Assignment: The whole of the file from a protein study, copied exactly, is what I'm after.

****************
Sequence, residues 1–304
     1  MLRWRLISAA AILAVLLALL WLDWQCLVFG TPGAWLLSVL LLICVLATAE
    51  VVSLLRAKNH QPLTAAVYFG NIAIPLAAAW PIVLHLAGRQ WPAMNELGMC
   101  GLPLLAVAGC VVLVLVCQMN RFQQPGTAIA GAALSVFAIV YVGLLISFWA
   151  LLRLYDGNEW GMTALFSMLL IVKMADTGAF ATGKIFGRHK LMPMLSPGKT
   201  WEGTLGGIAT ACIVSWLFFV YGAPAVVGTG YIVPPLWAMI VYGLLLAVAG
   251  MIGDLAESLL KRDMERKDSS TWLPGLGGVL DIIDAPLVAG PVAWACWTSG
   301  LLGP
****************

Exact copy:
Sequence, residues 1–304
     1  MLRWRLISAA AILAVLLALL WLDWQCLVFG TPGAWLLSVL LLICVLATAE
    51  VVSLLRAKNH QPLTAAVYFG NIAIPLAAAW PIVLHLAGRQ WPAMNELGMC
   101  GLPLLAVAGC VVLVLVCQMN RFQQPGTAIA GAALSVFAIV YVGLLISFWA
   151  LLRLYDGNEW GMTALFSMLL IVKMADTGAF ATGKIFGRHK LMPMLSPGKT
   201  WEGTLGGIAT ACIVSWLFFV YGAPAVVGTG YIVPPLWAMI VYGLLLAVAG
   251  MIGDLAESLL KRDMERKDSS TWLPGLGGVL DIIDAPLVAG PVAWACWTSG
   301  LLGP